Armchair Analyst: Orozco, Ream and the big con
There are two ways to go right now, two ways to look at the first 10 weeks of the Jurgen Klinsmann era:
1. He’s slowly weeding through the US player pool, identifying which players are assets and which are not, giving individuals chances to impress while taking his time in building a coherent whole.
2. He’s already identified the players he wants and is neck deep in the process of crafting his team in preparation for the start of next summer’s World Cup Qualifying campaign. Anyone who hasn’t already been called in is out in the cold. The book is shut and the roster’s 90 percent decided.
There are a lot of US soccer fans out there who are terrified that the second option is Klinsmann’s default setting.
So here’s the short con, one which I am hidebound to present upon the altar of rationality: The terror over Klinsmann’s camp roster is just fan overreaction. Fans are inveterate overreactors. It’s the reason they earned the name “fanatic.”
Because it’s such a vituperative reaction – and if you spent any time on Twitter on Thursday afternoon, you know exactly how over the top it can get – we, the “rational class,” can dismiss it. Klinsmann’s been to a World Cup semifinal as a coach, won one as a player and precisely no one who’s spent any amount of time with him thinks he’s a fool. He would not make a decision, not this decision, before filtering through all his options.
At the very heart of the discussion – shrieking, arm-flailing argument more than discussion, really – are Tim Ream and Michael Orozco Fiscal. Neither have been very good with the national team this year and Ream, by his own admission, hasn’t been up to snuff with the Red Bulls, either. Orozco Fiscal, meanwhile, has struggled to lock down a starting job back in Mexico, and his old team, the Union, have improved defensively by leaps and bounds.
The standard reactionary narrative, then, is that Klinsmann is snubbing more deserving candidates like Omar Gonzalez, George John, Geoff Cameron and *insert the MLS starter of your choice here* to save spots for “his guys," Ream and Orozco Fiscal. The coach is not choosing the best players, the guys who are having the best seasons, the guys who give him the best chance to win. His criteria is some mysterious "other," and he is diligent in its application.
But here’s the big con: Klinsmann was hired specifically to make that judgment. And it’s us – you, me, your bartender, anyone who’s invested a moment’s worth of emotion into the US national team – who have laid the groundwork for just such a situation.
The fact is, winning with the “same old tactics” and “same old style” wasn’t good enough for the US fanbase anymore. We denigrated our last two coaches, calling Bob Bradley “Robo-Bob” and Bruce Arena much worse by the time he was done in 2006, for not fielding teams that played exciting, fluid soccer. We came to loathe our protected leads, always wanting that extra push, that additional goal.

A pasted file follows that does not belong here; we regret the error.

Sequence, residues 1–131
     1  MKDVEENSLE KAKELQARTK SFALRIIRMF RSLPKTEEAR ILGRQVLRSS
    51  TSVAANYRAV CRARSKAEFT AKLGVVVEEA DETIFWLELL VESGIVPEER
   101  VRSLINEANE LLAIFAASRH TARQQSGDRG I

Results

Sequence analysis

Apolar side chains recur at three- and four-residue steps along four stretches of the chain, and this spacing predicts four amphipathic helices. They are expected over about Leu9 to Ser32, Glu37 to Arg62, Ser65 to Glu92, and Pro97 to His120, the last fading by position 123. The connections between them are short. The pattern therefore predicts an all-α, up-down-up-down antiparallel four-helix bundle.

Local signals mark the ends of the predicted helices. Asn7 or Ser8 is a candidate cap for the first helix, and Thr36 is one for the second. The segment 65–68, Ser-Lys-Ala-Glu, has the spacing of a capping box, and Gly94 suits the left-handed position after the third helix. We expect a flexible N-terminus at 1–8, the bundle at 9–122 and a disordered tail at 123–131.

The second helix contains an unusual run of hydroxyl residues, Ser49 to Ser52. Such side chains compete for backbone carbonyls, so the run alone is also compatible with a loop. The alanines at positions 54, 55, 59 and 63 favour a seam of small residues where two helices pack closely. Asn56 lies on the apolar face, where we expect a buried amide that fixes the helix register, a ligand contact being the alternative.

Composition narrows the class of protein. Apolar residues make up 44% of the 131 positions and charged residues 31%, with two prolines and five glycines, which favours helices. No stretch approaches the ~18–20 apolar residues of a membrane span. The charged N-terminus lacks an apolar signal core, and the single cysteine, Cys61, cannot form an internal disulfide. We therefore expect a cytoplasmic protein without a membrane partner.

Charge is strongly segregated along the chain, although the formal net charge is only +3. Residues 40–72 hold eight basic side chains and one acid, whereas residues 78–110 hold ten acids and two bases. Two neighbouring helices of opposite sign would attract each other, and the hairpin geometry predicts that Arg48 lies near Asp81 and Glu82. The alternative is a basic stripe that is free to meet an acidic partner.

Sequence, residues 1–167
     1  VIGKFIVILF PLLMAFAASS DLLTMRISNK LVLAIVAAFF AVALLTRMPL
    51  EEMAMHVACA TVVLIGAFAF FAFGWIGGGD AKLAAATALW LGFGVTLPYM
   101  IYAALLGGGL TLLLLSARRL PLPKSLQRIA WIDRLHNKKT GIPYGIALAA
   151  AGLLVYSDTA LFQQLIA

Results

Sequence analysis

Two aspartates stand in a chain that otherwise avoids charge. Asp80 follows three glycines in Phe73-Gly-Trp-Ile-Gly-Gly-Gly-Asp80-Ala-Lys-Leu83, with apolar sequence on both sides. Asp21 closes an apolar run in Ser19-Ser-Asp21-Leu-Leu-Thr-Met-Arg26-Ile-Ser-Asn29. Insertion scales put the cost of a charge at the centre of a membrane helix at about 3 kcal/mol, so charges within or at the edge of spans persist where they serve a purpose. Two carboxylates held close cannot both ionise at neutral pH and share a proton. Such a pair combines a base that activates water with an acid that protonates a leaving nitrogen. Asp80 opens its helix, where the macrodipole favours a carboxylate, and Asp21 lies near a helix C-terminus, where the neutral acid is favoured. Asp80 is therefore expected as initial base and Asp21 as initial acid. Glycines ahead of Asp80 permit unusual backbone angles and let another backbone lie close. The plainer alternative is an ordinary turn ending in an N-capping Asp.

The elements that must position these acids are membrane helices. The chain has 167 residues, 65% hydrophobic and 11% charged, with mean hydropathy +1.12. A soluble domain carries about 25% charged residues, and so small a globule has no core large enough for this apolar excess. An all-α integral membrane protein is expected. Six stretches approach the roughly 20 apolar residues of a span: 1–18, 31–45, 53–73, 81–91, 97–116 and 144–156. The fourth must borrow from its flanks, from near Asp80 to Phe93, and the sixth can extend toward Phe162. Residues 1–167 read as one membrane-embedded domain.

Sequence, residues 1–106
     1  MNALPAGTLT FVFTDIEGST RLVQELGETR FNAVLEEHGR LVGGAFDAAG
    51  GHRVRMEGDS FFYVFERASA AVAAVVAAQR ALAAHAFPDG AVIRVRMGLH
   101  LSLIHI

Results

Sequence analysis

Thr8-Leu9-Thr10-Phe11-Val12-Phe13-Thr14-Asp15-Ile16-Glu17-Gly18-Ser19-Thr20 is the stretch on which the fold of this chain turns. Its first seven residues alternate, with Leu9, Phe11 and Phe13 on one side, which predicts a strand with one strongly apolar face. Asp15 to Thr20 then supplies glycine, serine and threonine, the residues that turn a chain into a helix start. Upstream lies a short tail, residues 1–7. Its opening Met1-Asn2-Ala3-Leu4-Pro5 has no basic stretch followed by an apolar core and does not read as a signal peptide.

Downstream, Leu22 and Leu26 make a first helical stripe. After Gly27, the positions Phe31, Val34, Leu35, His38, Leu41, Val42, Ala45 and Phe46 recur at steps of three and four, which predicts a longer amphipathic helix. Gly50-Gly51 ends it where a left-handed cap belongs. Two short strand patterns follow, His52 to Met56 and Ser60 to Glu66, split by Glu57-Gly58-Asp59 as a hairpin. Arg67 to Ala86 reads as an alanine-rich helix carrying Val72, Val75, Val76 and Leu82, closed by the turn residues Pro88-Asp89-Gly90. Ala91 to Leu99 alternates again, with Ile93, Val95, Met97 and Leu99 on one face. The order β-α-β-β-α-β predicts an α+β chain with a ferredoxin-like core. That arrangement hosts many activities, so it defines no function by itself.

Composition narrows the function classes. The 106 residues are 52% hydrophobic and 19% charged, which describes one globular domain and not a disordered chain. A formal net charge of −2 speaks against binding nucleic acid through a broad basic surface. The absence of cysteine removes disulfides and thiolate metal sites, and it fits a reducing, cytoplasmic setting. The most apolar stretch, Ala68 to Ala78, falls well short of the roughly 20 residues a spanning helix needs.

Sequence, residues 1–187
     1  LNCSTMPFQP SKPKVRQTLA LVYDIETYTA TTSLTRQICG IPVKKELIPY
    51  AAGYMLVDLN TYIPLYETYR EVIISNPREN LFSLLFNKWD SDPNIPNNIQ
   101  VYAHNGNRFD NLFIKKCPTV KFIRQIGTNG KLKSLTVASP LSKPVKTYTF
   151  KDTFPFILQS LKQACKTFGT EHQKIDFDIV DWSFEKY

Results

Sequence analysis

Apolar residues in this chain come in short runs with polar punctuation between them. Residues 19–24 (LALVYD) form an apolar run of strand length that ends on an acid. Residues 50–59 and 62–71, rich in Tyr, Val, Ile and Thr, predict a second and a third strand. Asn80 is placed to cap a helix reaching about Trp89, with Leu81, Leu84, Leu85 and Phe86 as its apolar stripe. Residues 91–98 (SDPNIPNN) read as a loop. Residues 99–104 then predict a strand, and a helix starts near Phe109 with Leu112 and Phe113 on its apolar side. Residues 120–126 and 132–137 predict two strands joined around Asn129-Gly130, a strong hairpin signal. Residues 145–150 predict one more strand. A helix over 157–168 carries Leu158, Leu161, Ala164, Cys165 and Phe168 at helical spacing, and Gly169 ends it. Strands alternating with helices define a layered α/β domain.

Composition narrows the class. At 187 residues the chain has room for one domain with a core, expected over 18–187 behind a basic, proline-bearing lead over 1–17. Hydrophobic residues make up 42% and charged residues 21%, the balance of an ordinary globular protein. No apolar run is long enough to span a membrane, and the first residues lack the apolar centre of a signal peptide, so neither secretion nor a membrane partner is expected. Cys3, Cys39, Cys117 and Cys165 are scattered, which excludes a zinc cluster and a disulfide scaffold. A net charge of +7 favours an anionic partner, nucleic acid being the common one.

We collectively decided that we’re done with conservatism — 1-0 doesn’t cut it. Neither does 2-0, or dos-a-cero, if you prefer. We’ve got to take what we want, not just what we can get, and we’ve got to take it with panache. The previous generation made the long journey from footballing backwater to the World Cup, and now it’s this generation’s manifest destiny to become the United States of Brazil.
It’s what we’ve all asked for, and it’s a big part of the reason Klinsmann was the darling of the US fanbase from the moment he stepped down as Germany’s manager in 2006.
After all, get to the semifinals with Germany? Anyone can do that. But take Germany to the semifinals in style? That’s the man who’ll coax blood from this American stone.
And that’s where Ream and Orozco Fiscal come in. Of the US defensive pool, they’re the best with the ball on their feet (save for Cameron, who’s been playing central defense for all of three games now and probably hasn’t caught Klinsmann’s eye just yet). They’re the ones who’ll keep the ball on the ground, pick out midfield runners and keep the tempo in the US’ favor.
No more hoofing it out of trouble. Gonzalez is better than either right now, but he’s not going to change the way the US play – he’s just a younger, bigger Oguchi Onyewu. Ream and/or Orozco Fiscal might be able to make the US team look a little different, so they’re the chosen ones even if they’re being outshined at the club level.
Personally I don’t buy it. I don’t think Klinsmann is done looking at backliners, and – full disclosure – I think Ream will be the best defender in the US pool by this time next year anyway, so I’m not super bothered about this one way or the other.
I don’t think Klinsmann’s done looking at midfielders, either. Or forwards, or guys like Benny Feilhaber and Sacha Kljestan, both of whom are playing well for their clubs but both of whom appear to be outside the scope of Klinsmann's plans at the moment. All in all, I still believe the short con.
But if Klinsmann is done, if he’s made up his mind and is already crafting his chosen roster, then it’s because he wants to win with style. He wants guys who can step onto the field and play with some panache. He’s won that way before, and he knows it’s a good chunk of why he was hired now. Ream and Orozco give him the best chance to meet that goal – though at this point, maybe it’s “play” with style rather than “win” with it.
And there we have it. It's the big con: We, the fanbase, got what we wanted. Now we simply have to muster the patience to see whether or not it works.
Matthew Doyle writes the Armchair Analyst column for MLSsoccer.com.